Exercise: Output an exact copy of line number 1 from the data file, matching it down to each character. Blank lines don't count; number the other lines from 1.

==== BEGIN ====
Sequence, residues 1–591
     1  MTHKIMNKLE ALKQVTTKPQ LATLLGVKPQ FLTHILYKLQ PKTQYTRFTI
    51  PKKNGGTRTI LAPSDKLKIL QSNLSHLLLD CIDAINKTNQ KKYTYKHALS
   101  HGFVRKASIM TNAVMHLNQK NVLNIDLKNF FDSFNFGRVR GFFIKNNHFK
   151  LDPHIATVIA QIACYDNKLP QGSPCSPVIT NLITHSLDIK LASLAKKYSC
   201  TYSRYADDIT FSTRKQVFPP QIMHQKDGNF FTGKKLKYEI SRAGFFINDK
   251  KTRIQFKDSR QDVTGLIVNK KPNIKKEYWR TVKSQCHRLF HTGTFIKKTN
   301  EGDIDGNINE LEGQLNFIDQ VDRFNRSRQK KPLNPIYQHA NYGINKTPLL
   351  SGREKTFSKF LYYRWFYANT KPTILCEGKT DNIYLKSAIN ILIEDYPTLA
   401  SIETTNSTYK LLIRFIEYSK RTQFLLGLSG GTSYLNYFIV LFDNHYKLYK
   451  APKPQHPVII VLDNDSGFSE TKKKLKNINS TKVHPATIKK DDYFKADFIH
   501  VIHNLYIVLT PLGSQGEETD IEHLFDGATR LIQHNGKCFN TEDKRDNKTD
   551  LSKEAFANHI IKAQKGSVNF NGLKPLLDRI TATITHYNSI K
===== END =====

Sequence, residues 1–591